It is now over a year ago that Pollensa town hall was insisting that the Council of Majorca and the owner of La Fortalesa, James Lupton, should come to some agreement regarding access to the public and so therefore to allowing the public to visit the estate.
The then mayor, Miquel Àngel March, was prompted into once more raising this touchy subject because La Fortalesa was about to be used, and not for the first time, for location work. Famously a setting for "The Night Manager", there was filming last March for the Netflix series "Turn Up Charlie".
March reckoned that the Council should, if necessary, impose a system for visits. "If the owners want to then appeal this, they will do so, but visits are protected by the heritage law." La Fortalesa, the former mayor pointed out, used to be a "public fortress". This was before it was privatised, "like many other fortifications in Majorca, such as the Castell del Rei (also in Pollensa)". He observed that the owners were making "all kinds of excuses", yet there were examples of private properties with listed status having been opened to the public, e.g. Son Torrella in Santa Maria.
La Fortalesa has BIC status. In other words, it is an asset in the cultural interest. But it doesn't automatically follow that a property with this classification is open to the public. Former mayor March's reference to the heritage law, while correct, still involves agreement with estate owners. In addition, and where La Fortalesa is concerned, there is the complicating factor of its location; access by land is via the military base.
There used to also be an argument against visits because La Fortalesa occupied a strategic location; strategic in a military sense. This is an argument that is no longer used, albeit that it is when it comes to denying public access to the base. The ministry of defence and the base's commanders don't have any particular issue regarding La Fortalesa access. In December 2015, Colonel Román Carlos Martínez said that there didn't have to be a problem with allowing visits, so long as the necessary permission was given. "There is an entrance on the perimeter, which is away from the military unit and is the one used by the owner. It doesn't interrupt activity on the base and doesn't entail entry into security areas. It would be sufficient to notify us in timely fashion for it to be open for visits."
At the time when Colonel Martínez was speaking, the then councillor for urban planning at the town hall, Tomeu Cifre Bennàsar, was in discussion with representatives of the owner regarding visits. These would be in accordance with what the heritage law provides - visits on four days a month at agreed times. These visits would be to the grounds and not the buildings.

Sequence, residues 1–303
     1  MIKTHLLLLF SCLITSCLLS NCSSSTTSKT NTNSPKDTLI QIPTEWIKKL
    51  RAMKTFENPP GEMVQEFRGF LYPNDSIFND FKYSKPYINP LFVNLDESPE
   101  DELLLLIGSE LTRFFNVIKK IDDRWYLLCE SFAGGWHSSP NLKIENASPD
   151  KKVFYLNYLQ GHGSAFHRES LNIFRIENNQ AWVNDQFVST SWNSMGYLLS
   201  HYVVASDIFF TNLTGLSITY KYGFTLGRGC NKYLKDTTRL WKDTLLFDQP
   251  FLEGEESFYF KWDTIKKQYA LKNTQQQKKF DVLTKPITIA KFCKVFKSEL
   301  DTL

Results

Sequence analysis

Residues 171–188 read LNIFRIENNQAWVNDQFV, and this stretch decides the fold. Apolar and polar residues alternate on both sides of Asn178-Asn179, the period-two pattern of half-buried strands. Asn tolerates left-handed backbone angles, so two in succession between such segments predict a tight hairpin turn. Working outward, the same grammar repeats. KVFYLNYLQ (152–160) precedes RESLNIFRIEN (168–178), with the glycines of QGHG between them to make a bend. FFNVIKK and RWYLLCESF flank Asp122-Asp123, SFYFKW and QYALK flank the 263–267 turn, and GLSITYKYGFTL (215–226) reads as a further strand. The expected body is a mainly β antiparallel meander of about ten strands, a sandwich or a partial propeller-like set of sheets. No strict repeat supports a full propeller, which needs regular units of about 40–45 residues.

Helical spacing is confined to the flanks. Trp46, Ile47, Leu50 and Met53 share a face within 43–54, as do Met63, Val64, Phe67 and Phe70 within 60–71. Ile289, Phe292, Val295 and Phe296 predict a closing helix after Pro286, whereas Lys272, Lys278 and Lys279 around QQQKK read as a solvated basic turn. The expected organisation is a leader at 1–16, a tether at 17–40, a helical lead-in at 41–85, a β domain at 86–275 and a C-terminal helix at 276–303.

Since then, of course, there has been no progress, while local frustration at the lack of agreement for visits has grown. Netflix filming an exclusive party with music and lights was one thing. Then came the most publicised shindig of the lot - Rafa Nadal's wedding in October last year.
The Council of Majorca is now working on a scheme to enable visits to a number of private properties that have BIC status, La Fortalesa being one of them. The Council's director for heritage, Kika Coll, is talking about there being a "pilot plan" for visits. This plan wouldn't be a blanket scheme, as it would require individual agreements with owners. Without specifying which ones, she accepts that some arrangements will be easier than others. The intention, nevertheless, is to try and open up properties where owners are willing to allow visits. And La Fortalesa would appear to be one of these.
Sa Pobla angry with the government
The agriculture minister, Mae de la Concha, doesn't seem to have totally endeared herself to the farming community. While she has expressed all manner of support for local produce and stressed the importance of the agricultural sector, it can often appear as if she is having to react to criticisms.
Over a week ago, Sa Pobla was hit by the hailstorm which is reckoned to have meant the loss of up to 2,500 tonnes of potatoes. The mayor of Sa Pobla, Llorenç Gelabert, said that the hail had "destroyed the crop". He and the farming community were not impressed by the ministry's response. They were in fact downright angry.
The town hall and the potato producers have been compiling their own data regarding the damage. This information is said to contrast with that of the ministry, who put in an appearance on Monday. The minister and the agriculture director-general, Biel Torrens, promised to help "as much as possible", but this had to take into account "the social situation we are in". Indeed, and a social situation about which so much has been said with regard to the value of local produce.
Town halls needing cash
Pollensa's mayor, Tomeu Cifre Ochogavia, says that the economic impact of the virus and the state of alarm is going to be "savage". Town halls like Pollensa's which derive significant revenue both directly and indirectly from tourism are facing situations whereby this revenue all but dries up. And while the revenue decreases, the demands for assistance increase, be these for social or business help, with businesses wanting taxes to be waived.
Joan Monjo, Santa Margalida's deputy mayor, says much the same thing as Cifre, and it will be the same situation in Alcudia and Muro as well. One way that the town halls can generate some revenue is through building licences. Whereas the construction industry has often been critical of town halls' slowness and bureaucracy, a speeding-up of the permissions' processes is now to be expected.
Meanwhile, however, the town halls have to find money from somewhere, and the most obvious source is what they have sitting in banks in the form of budget surpluses which state law doesn't allow them to spend. In Alcudia, this is over 80 million euros. Pollensa has some 25 million euros.
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